Friday 26 May 2006

35 Degrees East

It was the Italians who were responsible for fostering ballet in Russia. It was only when the Tsar’s son’s mistress, Mathilde Kchessinska, equalled the prima ballerina’s feat of doing the 32 fouetteé turns in Swan Lake, that importing Italian dancers became unnecessary. So, it should not be a cause for surprise that it was the English ballet who were responsible for introducing ballet into Turkey.

In the mid 1940’s the chaplain to the British Embassy in Turkey had previously been the incumbent at a church near the Old Vic and had become a keen ballet-lover. At the time Turkey had a thriving opera and theatre companies, but not ballet. Taxed by the British chaplain on this subject the Turkish Education Minister invited Dame Ninette de Valois (Madam) to Turkey. The result was a school, Turkey’s first ballet school, founded in 1947; this lead to the first native ballet performance, Coppelia, in 1953. The company was closely watched by Madam and fostered by British ballet masters, ballet mistresses and choreographers. From the first, Madam included Turkish folk dancing into the curriculum and choreographed 2 ballets for the company, using music by Turkish composers and including Turkish folk dance. By 1973 the company could put in a whole evening of dance by Turkish choreographers.

As part of the celebrations of the Royal Ballet’s 75th birthday, a group of dancers from the Turkish State Ballet companies in Istanbul and Ankara brought a programme of dance to the Linbury Theatre at the Royal Opera House. The current director of the Turkish State Opera and Ballet is Meric Sümen Kanen who was herself a ballerina under Madam.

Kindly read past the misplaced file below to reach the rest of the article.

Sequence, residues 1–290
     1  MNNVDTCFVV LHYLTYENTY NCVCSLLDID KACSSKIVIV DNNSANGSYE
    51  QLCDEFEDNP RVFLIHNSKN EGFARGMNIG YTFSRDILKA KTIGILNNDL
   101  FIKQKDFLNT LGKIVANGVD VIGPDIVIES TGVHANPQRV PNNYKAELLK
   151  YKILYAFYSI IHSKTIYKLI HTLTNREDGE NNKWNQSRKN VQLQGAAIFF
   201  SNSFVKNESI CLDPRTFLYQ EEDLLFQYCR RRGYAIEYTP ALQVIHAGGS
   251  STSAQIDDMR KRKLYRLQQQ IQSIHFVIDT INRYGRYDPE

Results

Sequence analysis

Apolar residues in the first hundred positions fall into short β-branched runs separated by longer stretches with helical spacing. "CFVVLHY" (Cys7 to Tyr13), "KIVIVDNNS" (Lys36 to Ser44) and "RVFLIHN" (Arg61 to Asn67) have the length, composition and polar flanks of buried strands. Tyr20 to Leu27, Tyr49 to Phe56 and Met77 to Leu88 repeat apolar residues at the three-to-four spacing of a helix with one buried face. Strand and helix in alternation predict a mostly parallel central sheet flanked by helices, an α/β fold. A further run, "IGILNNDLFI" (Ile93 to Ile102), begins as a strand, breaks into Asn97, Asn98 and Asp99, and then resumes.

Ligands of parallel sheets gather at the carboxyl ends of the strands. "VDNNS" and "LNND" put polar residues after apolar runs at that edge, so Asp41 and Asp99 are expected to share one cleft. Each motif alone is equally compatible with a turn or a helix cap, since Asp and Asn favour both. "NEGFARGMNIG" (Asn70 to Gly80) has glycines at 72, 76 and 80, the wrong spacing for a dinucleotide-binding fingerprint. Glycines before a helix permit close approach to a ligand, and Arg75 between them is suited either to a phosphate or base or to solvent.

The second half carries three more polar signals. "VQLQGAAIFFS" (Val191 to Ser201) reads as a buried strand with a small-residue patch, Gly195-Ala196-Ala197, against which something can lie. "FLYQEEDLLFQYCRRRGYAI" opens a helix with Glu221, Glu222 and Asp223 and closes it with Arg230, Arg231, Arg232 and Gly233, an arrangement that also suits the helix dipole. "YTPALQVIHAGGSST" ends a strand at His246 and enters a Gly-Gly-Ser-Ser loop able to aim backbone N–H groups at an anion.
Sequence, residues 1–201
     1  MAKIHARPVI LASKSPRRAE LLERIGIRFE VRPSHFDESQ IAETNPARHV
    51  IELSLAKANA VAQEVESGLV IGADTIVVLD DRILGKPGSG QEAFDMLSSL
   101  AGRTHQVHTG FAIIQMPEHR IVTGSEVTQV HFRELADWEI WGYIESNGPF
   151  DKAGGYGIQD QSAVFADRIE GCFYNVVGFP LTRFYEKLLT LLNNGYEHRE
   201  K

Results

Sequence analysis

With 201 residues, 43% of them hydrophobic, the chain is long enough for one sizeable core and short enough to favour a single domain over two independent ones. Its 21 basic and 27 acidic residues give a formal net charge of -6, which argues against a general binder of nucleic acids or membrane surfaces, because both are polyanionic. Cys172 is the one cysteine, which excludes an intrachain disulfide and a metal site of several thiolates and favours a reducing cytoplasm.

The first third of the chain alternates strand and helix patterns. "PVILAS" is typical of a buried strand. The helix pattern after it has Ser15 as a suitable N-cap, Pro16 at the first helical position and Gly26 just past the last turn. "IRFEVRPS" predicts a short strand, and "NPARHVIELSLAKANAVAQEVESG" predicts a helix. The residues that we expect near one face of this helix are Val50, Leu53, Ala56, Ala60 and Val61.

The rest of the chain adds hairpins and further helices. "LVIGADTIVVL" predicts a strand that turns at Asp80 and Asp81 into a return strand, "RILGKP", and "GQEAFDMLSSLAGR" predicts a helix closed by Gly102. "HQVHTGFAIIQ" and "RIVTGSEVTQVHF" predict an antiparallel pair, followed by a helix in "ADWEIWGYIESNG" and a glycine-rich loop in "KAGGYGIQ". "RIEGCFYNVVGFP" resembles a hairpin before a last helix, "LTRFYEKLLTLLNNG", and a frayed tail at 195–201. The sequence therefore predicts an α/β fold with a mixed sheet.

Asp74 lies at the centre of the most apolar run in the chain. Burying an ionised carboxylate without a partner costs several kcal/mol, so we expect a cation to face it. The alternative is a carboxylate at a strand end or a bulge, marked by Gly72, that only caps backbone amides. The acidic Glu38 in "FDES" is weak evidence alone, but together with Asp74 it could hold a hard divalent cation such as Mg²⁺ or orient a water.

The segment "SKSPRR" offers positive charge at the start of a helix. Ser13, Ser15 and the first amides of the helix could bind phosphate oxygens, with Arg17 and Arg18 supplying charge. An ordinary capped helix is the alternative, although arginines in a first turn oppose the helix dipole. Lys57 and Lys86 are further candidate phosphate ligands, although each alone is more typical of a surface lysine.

The evening opened with a short film which mixed archive photographs and movie footage with interviews with Madam (dating from 2001) and other British dancers involved with the company. It was a fascinating film and could have been far longer. Then 2 dancers gave us a charming pas de deux from At the Fountain Head, a ballet choreographed in 1963 by Dame Ninette de Valois. There then followed a programme of 5 ballets choreographed by 3 Turkish choreographers and 1 ballet choreographed by a German couple.The programme was a mixture of short ballets and extracts from longer works. Perhaps the most memorable was the excerpt ‘the storm… Dervishes dance’ from Beyhan Murphy’s Travelogue.

The first 5 works were all generally modernist in their outlook, though most used music by modern Turkish composers but one used Chopin. For the finale, Mehmet Balkan had choreographed 2 movements from Rachmaninoff’s 2nd Symphony and these were danced in real classical style.

The choreographer’s response to the music seemed to be somehow different to what I would have expected, I can’t really describe it as I have no dance training to describe what I saw. The standard of the recorded music that they danced to was rather variable, particularly the Rachmaninoff. But the programme left us wishing that we could see more of the Turkish company.

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